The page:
- Waleed Aly
- The Age, December 20, 2008
SOME juxtapositions just demand to be noted. On the same day that Kevin Rudd announced a skimpy new carbon emissions reduction target of 5 per cent, US President-elect Barack Obama was introducing to the world the crack team that would launch his administration's climate change assault. "This will be a leading priority of my presidency and a defining test of our time," Obama declared before the press gallery. "America will not just lead at the negotiating table. We will lead as we always have, through innovation and discovery, through hard work and the pursuit of a common purpose."
Remind you of anyone? Forgive the excursion into ancient history, but to me this is strikingly reminiscent of a pre-election Kevin Rudd. Remember when climate change was "the great moral challenge of our time"? In those days Australia was sold the idea of being a world leader on the global warming issue, rather than a nation that waited for the rest of the world to drag us into environmental virtue. We would set the pace and be proud to do so. The Howard government's stubborn inaction shamed us. Its successor would bring absolution. If anything, this was one of those rare issues where Rudd's discourse was even more soaring than Obama's.
Well, it not so much a question of morality now. That sort of language has been comprehensively shelved in favour of terms such as "responsibility". The language of leadership has given way to the politics of following: we may commit to deeper cuts in future, but the rest of the world must agree to do this first. To do otherwise would be to risk our economic wellbeing. This day, pragmatism is king and moral absolution is beside the point.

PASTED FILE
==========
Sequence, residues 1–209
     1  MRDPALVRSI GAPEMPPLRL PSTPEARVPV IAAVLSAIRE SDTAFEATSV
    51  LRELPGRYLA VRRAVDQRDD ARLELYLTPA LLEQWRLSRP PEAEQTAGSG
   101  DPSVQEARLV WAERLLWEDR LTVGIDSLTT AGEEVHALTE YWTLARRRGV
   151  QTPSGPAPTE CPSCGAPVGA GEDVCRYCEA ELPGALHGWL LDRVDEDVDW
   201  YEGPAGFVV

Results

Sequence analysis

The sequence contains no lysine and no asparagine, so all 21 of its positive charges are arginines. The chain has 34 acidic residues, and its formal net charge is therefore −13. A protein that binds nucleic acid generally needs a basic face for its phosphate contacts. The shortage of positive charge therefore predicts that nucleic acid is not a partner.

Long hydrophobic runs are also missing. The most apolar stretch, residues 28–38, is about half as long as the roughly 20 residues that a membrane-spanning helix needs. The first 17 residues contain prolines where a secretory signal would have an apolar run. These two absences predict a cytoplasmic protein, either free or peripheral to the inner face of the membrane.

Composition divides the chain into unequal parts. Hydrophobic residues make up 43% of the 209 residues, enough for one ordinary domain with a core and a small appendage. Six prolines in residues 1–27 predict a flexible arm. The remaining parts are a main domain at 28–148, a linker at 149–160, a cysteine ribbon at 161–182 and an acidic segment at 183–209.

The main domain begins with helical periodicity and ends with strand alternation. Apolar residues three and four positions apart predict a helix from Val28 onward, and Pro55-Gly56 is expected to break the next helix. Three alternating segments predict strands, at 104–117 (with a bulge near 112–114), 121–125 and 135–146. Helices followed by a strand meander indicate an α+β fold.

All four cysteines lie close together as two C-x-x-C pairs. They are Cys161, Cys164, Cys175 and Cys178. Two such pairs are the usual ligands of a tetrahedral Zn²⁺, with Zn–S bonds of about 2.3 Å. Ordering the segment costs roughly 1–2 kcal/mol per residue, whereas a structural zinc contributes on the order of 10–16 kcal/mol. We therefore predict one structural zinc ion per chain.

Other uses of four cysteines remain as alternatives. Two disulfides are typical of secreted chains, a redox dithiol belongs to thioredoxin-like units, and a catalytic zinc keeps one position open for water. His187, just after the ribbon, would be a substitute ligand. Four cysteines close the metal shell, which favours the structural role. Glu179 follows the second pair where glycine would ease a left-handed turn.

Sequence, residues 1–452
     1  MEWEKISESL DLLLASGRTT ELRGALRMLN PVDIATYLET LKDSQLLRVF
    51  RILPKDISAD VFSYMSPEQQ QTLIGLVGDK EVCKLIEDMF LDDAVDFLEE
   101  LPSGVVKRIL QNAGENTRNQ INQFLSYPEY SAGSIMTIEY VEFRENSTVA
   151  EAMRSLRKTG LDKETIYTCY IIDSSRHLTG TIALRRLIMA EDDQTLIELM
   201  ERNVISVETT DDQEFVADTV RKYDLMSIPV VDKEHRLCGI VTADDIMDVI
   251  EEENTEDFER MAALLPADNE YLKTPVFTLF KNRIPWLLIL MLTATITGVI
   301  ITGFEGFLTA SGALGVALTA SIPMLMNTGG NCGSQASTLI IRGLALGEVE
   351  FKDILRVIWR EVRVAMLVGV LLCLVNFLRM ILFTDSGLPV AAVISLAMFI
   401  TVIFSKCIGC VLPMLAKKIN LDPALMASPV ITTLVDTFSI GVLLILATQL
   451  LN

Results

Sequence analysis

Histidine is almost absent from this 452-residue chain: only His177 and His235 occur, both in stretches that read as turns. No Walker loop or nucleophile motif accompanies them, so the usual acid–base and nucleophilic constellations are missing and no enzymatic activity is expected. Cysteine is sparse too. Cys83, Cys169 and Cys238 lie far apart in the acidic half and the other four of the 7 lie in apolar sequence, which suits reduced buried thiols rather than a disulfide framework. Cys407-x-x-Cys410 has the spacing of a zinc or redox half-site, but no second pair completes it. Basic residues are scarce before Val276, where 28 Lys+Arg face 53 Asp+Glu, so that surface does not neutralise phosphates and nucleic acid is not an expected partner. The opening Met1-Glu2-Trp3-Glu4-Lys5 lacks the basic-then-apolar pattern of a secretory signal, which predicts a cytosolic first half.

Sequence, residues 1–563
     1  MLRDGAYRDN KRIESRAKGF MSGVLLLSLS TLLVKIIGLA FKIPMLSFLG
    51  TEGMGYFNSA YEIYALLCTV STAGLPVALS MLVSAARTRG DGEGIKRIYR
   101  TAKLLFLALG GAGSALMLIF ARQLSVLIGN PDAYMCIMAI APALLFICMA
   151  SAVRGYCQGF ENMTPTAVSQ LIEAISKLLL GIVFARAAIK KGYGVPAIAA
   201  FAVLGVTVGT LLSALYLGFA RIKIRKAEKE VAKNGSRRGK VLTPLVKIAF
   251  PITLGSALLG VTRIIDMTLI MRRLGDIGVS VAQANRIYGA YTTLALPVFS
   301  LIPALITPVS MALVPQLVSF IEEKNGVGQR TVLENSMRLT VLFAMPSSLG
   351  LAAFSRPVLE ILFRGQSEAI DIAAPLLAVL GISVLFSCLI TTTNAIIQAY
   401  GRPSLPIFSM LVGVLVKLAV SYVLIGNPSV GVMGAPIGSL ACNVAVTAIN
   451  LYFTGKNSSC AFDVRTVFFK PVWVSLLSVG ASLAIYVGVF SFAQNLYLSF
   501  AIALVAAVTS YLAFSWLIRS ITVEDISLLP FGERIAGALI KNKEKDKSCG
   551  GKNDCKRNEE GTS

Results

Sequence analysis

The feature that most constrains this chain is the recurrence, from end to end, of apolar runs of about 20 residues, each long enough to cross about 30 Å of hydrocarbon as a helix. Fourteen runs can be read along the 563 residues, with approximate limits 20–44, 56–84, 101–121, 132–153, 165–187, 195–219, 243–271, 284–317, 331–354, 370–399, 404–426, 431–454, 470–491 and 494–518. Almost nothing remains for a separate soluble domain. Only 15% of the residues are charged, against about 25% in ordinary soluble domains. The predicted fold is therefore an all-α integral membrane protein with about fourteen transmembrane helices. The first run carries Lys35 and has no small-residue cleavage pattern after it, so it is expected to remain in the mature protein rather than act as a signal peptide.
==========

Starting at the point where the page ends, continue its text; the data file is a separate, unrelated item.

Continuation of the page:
But for all the vehement criticism that Rudd's lost environmental zeal might invite, let us not pretend his modest plan is indefensible. We may be horrific per capita emitters, but our population is so small that you could cut our emissions to zero tomorrow without the climate feeling it. Let's just admit that radical, unilateral action will probably leave us with the worst of both worlds: a hindered economy and a ruined climate.
The problem is not that such rationalisations are wrong. It's that they are almost certainly right. Indeed, they are so right that every nation can make them with equal force. So China argues that developing economies should not be expected to make substantial sacrifices if the developed world will not. The US — at least under its present administration — refuses to move without China and India doing the same. It is entirely possible for this political staring match to continue indefinitely until a major climate disaster disrupts it.
This is the great climate change conundrum: we are using national governments to try to solve a global problem. It's a scenario destined to implode. National governments exist to govern in the national interest. But a national interest is a fundamentally different thing to a global one. What happens when a crisis pits these two interests against one another? As it stands, you get paralysis. We continue to fail to deal with climate change because we lack the political architecture to do so. The environment does not respect our national borders, and our national polities are not designed to have global horizons.